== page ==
To Shoot Down Or Not To Shoot Down, That Is The Question

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German public television channel ARD showed a courtroom drama called Terror on Oct. 17 about the trial of a German Eurofighter pilot for shooting down a hijacked airliner about to crash into a football stadium filled with 70,000 people.

I was looking forward to seeing the TV film with the crème de la crème of German movie actors as I was lucky enough to get the very last ticket for the original play in Frankfurt last year on one of the few nights the judge was played by the author, Ferdinand von Schirach. The theater audience was able to vote on whether the fighter pilot was guilty and the TV audience was able to do the same.

Despite orders not to, the pilot takes things into his own hands and decides to shoot down the airliner, sacrificing the 150 passengers on board to save 70,000 people. The state prosecutor, played by Martina Gedeck, who I remember first seeing in the Oscar-nominated Stasi movie Das Leben der Anderen (The Lives of Others), argues that individual rights overrule all other considerations and that the pilot did not have the moral right to decide on whether the lives of the airline passengers and crew should be sacrificed for the people in the stadium.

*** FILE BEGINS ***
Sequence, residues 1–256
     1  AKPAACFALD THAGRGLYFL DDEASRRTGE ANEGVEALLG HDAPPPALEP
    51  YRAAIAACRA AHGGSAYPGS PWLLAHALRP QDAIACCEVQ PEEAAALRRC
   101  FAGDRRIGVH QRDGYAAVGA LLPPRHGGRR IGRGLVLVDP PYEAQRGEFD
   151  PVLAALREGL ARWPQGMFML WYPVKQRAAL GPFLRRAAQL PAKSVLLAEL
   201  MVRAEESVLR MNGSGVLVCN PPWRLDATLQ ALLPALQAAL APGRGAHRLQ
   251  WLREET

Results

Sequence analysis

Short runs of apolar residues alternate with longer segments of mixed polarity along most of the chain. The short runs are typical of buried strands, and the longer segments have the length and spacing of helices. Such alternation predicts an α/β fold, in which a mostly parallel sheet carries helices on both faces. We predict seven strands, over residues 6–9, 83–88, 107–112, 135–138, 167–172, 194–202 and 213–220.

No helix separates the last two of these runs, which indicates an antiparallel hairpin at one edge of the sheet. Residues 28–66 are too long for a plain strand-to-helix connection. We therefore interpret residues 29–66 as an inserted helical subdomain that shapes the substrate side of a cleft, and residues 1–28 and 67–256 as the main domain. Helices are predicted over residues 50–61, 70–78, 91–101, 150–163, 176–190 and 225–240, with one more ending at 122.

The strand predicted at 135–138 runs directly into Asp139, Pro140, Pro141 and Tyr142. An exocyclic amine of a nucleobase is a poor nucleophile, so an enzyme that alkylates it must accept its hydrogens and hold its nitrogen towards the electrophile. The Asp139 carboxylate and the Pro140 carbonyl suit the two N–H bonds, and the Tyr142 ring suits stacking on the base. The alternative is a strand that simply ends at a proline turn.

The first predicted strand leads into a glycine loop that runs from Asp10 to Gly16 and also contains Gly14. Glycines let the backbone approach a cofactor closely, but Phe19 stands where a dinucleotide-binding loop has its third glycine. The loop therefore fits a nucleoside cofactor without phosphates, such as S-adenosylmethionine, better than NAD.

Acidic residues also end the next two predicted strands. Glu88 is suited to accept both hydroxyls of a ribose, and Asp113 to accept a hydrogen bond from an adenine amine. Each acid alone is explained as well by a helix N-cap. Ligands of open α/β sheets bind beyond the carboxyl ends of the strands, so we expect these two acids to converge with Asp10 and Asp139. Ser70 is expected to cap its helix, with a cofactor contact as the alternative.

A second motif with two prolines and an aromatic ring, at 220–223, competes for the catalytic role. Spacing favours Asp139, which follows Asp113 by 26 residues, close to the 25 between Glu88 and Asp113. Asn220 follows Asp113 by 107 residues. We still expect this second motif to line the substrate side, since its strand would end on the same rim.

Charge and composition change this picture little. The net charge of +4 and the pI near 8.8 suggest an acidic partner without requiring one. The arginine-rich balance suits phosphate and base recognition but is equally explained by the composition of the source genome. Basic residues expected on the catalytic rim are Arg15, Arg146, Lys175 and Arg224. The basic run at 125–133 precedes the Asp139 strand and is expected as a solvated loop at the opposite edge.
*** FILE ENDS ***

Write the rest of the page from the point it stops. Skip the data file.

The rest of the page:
She says there was no way of knowing if the passengers would not have been able to storm the cockpit and overwhelm the hijackers and calls as a witness a woman whose husband was on the plane that was shot down to support this argument. She even asks the pilot if he would have decided differently if his wife had been onboard.

TV audiences in Germany and Austria voted overwhelmingly to acquit the pilot by over 85 percent versus 13 percent in favor of finding him guilty. A media expert interviewed on Deutschlandfunk, the German equivalant of BBC radio, Oct. 18 thought only 65 percent would have voted in favor of acquitting the pilot if he hadn't been played by heartthrob Florian David Fitz.

This is closer to the level in favor of acquitting him in theaters throughout Germany when Terror toured theaters across Germany. I remember being surprised how close the vote was in Frankfurt when I saw the theater version.

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